Develop People Skills
Having great people skills is a major sign of high emotional intelligence. These people find it easy to talk to those they’ve just met and they very quickly establish repertoire with others from all walks of life. Rather than focusing only on their own success, wants and needs, they tend to put helping others on the top of their priority list and always look to build the team, rather than themselves individually.
One quick way to start building your people skills right now is to express more interest in your co-workers, making attempts to connect with friends and family you haven’t spoken to for a long time, or even volunteering for charities where you can visibly make a positive impact on people’s lives.
Learn From Feedback
Feedback and criticism are not the same thing. The former is expressed in a way that attacks and belittles another person, while the latter is intended to help you grow and develop. For most people, criticism is never easy to take, but when it’s offered in a constructive way with the intention of bettering you as a person, it’s a good idea to listen.
Getting other people’s perspective on how we come across should be welcomed in most cases, as it shines a light on our ‘blind spot’ – the trait or characteristic that we may not be aware we’re displaying. It might be a good idea to ask your partner, friends or family to give you feedback on how they see you by asking them to list three of your best and worst traits. Sit back and listen, and try not to get defensive – it may be a real eye-opener!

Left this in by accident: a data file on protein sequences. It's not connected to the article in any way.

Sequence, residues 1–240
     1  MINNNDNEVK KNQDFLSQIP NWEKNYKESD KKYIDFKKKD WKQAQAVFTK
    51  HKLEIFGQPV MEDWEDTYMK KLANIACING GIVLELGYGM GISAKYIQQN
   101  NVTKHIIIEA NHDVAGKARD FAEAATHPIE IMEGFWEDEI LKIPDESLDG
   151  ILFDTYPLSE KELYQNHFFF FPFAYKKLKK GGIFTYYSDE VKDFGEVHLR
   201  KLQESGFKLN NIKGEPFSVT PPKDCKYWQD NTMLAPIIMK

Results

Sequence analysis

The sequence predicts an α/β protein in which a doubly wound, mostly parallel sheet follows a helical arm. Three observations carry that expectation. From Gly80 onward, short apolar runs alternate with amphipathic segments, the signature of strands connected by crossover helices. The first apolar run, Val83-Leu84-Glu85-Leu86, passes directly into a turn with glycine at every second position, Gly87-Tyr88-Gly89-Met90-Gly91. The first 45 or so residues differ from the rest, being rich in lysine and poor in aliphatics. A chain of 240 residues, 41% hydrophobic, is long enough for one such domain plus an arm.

This is the most challenging step but also the most helpful to master – taking responsibility for our own actions. Our emotions and behaviour are ours alone, they don't come from anyone else, so we alone are responsible for them.
It’s as simple as apologising if we know we’ve hurt someone’s feelings, or simply owning up to a wrong instead of blaming or denying it ever happened. Keep in mind that it usually takes at least two people to create an argument, so it’s a good idea to take responsibility and own your half, then make honest attempts to forgive others and make things right again.
Get Out Of Your Comfort Zone
Being emotionally intelligent involves knowing what to get rid of and what to keep. Most people tend to stick to their comfort zones to avoid feelings of discomfort, but amazing things happen when we leave them. The problem with comfort zones is we can get stuck in a rut and, over time, can become inflexible to any change at all. Emotionally intelligent people are aware that the only constant in life is change and they welcome new experiences and opportunities to provide them with personal and professional fulfilment.
The only way to expand your frontiers is to push yourself to do something that’s unpleasant once in a while. Remember that flexibility and adaptability are among two of the most sought-after traits employers tend to look for.
Studies show that practicing gratitude daily has amazing benefits for our wellbeing. Being thankful for what you have can alleviate sleep disorders and mental illnesses like depression, and even improve physical health. When asked what they are grateful for, people with high emotional intelligence will usually quickly come up with a long list.
One way to develop gratitude is to keep a notebook and write out ten positive things in your life each morning to help you start your day with motivation, or before you go to sleep to end your day on a high. Try creating a mantra such as ‘my life is filled with blessings’, which you can repeat in your head whenever you need a gratitude boost.